Transcranial Doppler Ultrasound

A Transcranial Doppler, or TCD, is a diagnostic test using ultrasound waves to produce images of the blood flow within the brain's arteries. This procedure is often done in conjunction with a carotid Doppler ultrasound.

The results of a TCD ultrasound are used to assess the risk of a stroke. This procedure can also be used during surgical procedures to monitor blood flow in the brain.

Reasons for a TCD Ultrasound

A TCD ultrasound can show blood clots and can be used to assess a patient's risk of stroke. It can also be used to diagnose other conditions, including:

  • Stenosis
  • Subarachnoid hemorrhage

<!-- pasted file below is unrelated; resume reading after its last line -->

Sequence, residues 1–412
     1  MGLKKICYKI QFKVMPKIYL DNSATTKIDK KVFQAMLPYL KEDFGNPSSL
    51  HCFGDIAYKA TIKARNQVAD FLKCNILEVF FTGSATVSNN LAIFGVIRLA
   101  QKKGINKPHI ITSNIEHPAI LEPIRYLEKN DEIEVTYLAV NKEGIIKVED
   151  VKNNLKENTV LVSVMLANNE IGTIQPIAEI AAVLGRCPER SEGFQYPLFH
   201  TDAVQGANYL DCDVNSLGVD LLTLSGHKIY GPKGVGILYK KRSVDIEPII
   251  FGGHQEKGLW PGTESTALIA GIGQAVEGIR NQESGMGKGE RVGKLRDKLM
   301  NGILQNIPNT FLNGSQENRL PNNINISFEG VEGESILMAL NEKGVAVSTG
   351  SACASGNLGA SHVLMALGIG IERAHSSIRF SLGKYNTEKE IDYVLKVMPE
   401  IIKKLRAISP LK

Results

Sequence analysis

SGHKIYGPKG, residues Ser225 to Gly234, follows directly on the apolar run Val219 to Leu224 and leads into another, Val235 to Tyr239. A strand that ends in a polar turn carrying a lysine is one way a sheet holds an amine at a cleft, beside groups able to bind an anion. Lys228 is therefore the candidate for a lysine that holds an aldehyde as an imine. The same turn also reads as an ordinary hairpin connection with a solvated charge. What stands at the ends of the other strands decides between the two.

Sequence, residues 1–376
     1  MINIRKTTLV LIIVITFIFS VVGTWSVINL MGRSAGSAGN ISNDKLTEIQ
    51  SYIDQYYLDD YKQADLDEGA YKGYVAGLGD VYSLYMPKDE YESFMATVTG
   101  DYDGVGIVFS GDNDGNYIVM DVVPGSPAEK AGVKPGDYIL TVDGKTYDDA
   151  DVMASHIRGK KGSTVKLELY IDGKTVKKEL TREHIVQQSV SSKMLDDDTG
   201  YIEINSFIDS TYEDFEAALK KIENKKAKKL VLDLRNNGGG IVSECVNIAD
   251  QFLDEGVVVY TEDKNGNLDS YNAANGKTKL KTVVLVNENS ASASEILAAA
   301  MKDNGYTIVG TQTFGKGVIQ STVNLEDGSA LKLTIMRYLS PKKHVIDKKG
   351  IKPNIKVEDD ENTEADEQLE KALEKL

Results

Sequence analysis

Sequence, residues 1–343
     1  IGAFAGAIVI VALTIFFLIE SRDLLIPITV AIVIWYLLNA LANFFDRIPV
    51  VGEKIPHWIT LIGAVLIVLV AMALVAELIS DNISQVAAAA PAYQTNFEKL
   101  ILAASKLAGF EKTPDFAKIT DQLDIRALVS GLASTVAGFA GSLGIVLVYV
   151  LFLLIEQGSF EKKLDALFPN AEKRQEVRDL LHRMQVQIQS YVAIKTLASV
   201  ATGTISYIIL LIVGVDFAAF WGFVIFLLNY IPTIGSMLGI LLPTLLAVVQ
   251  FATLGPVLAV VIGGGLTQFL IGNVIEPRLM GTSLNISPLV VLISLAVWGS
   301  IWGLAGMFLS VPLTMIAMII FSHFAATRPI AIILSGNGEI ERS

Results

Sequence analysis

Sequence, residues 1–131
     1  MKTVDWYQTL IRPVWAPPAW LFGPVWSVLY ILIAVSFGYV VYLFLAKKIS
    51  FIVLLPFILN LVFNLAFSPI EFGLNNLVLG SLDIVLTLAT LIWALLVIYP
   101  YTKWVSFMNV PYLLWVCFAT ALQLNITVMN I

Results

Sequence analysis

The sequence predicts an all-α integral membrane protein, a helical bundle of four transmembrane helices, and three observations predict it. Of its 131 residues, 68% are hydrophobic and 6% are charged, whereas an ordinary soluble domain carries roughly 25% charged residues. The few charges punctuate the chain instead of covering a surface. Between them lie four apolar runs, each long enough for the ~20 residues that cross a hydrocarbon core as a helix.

• Embolism
  • Vasospasm

The TCD Ultrasound Procedure

The patient will either be asked to lie down on a padded examination table or sit down in a chair. A small amount of clear gel will be applied to the patient's skin over the site of the ultrasound. Usually, the gel is applied on the back of the neck, above the cheek bone, in front of the ear and over the eyelid.

The technician will place a transducer, a small hand-held device, on the surface of the skin, over the gel, which will record images and transmit them to a nearby monitor. The patient will need to remain still during the test, which takes less than 30 minutes to complete. The gel is wiped off of the skin at the end of the test.

A radiologist will examine the images and report the results to the doctor, who will later discuss them with the patient.

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